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Alternative Business Structure (ABS) Friend or Foe?

ABS’s are soon going to hit our streets; they are advertised as being “simpler, cheaper and more accessible legal services for consumers”. Is that going to prove to be a reality?

Are local governments and private companies going to look at whether they can turn their in-house team into a commercial entity? High street firms and sole practitioners have shown increasing concern that this de-regulation of the legal sector can only end in disaster but will it also bring with it opportunity for some. 

How is it going to affect you?

I think employment lawyers would all agree that they have been competing against non-lawyers for a long time and we are still here :). Though I think there may be some mileage in the argument that the advantage that firms have previously had (and which may soon be eroded by the ABS) is that they have had company/commercial departments so everything could be dealt with under one roof. 
I would love to hear views from other lawyers and how they think they will be affected.

Opportunity for some?

For some of us the ABS is going to bring opportunity as non-lawyers are now going to be allowed (subject to SRA authorisation) to be managers and owners of legal services – allowing firms that are struggling against the harsh economic environment to raise equity from a wider pool of investors. 
The ABS will also allow entrepreneurial lawyers to team up with non-lawyers to run successful companies and practices. After all we have all heard the saying that a “lawyer is not a business man”.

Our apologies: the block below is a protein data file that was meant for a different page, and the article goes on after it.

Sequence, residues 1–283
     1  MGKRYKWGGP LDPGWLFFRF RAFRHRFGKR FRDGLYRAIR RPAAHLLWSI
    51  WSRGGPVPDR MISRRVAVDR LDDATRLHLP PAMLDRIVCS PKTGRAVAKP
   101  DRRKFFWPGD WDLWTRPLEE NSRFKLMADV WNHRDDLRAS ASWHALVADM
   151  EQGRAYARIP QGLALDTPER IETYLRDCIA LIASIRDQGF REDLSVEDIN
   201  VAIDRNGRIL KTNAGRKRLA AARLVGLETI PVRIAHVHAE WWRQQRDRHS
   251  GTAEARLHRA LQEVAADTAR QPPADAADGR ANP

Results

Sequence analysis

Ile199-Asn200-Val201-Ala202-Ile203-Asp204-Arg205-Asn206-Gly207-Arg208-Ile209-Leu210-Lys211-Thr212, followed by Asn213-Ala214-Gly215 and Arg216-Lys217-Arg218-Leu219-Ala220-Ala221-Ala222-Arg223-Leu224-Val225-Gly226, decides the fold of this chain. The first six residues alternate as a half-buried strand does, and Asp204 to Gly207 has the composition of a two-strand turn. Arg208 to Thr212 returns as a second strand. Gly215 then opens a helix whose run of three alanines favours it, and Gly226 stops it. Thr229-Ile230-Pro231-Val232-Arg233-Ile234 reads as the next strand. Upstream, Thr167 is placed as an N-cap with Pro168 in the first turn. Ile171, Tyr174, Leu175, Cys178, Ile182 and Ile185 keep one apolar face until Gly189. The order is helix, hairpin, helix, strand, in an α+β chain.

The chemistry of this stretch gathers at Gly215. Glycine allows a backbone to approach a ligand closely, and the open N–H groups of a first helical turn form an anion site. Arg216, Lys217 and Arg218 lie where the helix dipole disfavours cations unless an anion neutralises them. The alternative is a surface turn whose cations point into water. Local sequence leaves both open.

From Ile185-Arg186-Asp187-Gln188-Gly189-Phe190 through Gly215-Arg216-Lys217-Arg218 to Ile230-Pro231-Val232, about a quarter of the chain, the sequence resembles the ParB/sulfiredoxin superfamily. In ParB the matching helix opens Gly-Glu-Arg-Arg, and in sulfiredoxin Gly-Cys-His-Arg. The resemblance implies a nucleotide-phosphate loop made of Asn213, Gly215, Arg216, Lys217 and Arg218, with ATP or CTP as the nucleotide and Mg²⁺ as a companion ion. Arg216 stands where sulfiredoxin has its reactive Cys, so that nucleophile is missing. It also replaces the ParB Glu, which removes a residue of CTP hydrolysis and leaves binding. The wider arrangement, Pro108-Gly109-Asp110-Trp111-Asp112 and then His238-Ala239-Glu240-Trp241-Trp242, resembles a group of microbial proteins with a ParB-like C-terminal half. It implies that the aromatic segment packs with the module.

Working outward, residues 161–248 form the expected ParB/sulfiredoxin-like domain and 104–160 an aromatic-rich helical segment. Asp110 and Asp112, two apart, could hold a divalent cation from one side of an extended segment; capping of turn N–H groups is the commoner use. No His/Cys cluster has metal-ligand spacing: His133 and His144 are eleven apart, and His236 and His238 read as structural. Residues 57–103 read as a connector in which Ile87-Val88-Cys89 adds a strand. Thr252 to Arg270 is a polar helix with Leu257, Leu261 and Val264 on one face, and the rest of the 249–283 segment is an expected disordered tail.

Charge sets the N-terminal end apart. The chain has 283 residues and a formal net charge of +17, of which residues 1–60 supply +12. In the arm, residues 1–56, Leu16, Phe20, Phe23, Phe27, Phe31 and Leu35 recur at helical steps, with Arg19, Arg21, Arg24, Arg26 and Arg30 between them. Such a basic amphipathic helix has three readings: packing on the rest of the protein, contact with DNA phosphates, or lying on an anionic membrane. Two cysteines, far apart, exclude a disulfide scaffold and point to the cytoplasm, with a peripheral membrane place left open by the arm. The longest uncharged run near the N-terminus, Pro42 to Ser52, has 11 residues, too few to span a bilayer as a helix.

The future of legal services
Only time will tell how the ABS will be used and whether it will only be multi-national corporations who are going to be taking advantage of the deregulation. But I think one thing is for certain high street firms are going to have no choice but to come into the 21st Century and invest in technology particularly in case management systems if they want to survive.

I believe there will always be value in the brand “solicitor” however value is earned so lawyers who do not return client’s call’s, who fail to keep their clients updated and who fail to adhere to deadlines may soon find that they are no longer seeing return business or being recommended.

Samira Cakali

Samira Cakali is a pragmatic and approachable solicitor advocate with extensive contentious and non-contentious experience in the fields of employment law as well as civil litigation, within a range of commercial businesses from SME’s to multinationals as well as senior executives.

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